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I'm worried about my Windows apps modifying the files in Ubuntu, as there is software in Windows that can see and can modify files on the Linux partition. Can files or applications run normally in Ubuntu after modifying? If so, how can I watch the files for changes in Ubuntu?

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Please specify what do you mean by modifying? –  Frantique Nov 16 '12 at 11:24
    
Are you afraid that an update in windows opens your ubuntu partition and changes files there? Can you show where you got that suspicion? –  Nanne Nov 16 '12 at 11:44

3 Answers 3

You can use auditd or inotify to monitor file changes.

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Altrough you question is ambigous, I will give you a method to monitor your files.

If you want to see the list of files modified you can use the

find / -type f -mtime -1

for example, in this case those modified in the last 1 day.

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This will assume the editor of the file honours to change the modification timestamp on the file. You can circumvent that and you won't notice. –  gertvdijk Nov 16 '12 at 11:31

In general, yes, files on Ubuntu will be fine if they're modified in a way they're intended to be, even though it's from Windows. For example, editing an image with Photoshop.

However, there are a bunch of little exceptions, and the only way to find out for sure is to experiment:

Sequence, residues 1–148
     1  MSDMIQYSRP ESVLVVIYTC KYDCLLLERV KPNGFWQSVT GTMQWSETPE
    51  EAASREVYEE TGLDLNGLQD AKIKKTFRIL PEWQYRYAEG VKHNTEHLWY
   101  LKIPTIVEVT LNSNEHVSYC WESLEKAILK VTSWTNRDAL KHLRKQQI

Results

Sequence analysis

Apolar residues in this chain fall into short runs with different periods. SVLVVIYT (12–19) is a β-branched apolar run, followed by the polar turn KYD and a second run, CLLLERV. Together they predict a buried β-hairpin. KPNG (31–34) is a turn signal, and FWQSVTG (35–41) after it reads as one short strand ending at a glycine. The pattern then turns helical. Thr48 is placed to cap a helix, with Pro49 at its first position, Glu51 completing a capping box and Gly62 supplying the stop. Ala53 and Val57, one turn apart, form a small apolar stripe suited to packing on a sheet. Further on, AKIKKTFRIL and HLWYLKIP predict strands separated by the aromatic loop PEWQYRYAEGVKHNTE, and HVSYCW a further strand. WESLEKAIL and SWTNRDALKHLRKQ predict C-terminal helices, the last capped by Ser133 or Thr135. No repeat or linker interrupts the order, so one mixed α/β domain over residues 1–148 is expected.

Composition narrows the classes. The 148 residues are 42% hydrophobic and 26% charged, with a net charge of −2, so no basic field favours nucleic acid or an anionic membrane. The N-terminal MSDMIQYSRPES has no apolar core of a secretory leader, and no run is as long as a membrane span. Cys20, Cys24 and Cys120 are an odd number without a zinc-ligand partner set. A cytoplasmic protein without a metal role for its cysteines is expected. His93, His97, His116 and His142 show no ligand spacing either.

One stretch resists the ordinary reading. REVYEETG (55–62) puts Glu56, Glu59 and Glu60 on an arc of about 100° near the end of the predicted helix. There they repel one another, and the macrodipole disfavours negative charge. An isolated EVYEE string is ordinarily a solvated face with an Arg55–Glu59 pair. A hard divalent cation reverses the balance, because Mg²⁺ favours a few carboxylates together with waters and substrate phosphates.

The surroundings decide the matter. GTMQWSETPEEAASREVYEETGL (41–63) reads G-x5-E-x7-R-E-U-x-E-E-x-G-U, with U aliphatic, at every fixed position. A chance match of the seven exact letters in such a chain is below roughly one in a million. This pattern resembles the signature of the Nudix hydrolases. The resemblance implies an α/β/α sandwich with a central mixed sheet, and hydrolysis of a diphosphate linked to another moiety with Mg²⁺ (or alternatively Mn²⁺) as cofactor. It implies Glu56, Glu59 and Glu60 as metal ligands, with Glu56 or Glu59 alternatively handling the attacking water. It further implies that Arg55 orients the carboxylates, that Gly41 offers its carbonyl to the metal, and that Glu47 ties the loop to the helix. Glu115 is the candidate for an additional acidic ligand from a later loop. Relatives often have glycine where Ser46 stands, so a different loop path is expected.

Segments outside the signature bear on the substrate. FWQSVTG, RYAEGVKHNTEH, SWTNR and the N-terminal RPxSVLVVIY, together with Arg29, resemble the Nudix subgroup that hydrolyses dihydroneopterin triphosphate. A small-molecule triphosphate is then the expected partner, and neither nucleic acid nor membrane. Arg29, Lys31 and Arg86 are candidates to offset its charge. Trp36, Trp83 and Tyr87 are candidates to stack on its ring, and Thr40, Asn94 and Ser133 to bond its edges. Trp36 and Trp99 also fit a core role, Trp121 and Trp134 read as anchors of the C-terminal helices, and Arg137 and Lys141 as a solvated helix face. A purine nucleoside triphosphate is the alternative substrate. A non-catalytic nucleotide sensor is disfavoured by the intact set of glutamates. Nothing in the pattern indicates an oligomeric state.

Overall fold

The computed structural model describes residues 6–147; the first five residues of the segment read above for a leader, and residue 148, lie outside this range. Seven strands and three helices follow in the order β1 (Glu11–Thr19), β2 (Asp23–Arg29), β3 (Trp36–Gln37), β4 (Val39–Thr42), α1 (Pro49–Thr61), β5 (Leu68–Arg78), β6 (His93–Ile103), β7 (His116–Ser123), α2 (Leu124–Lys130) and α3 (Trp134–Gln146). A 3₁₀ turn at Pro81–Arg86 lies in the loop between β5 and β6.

• The safety of your Linux partition will depend on the quality of the Windows filesystem driver: will it correctly use the journaling? Adjust the timestamps appropriately? Will it lose data, or is it rock solid? Etc. Personally, I'd look into exactly who made the Windows software which will be used to mount the Linux partitions.

  • Some file types are platform independent (e.g. png), but some are not (e.g. text). If you edit a Linux text file in Wordpad, you may find that every line looks odd because line endings are different in the two systems.

  • There are other odd exceptions such as Linux filenames always being case sensitive, while this is not the case for all Windows filesystems. And so small little oddities can creep up.

Most of these issues aren't tragic and can be easily corrected or worked around. But they're things to keep in mind.

My advice: don't go through the hassle of multi-boot situations. Just get a second computer (a cheap one if necessary) to run the other OS on. Or, boot another OS in a virtual machine.

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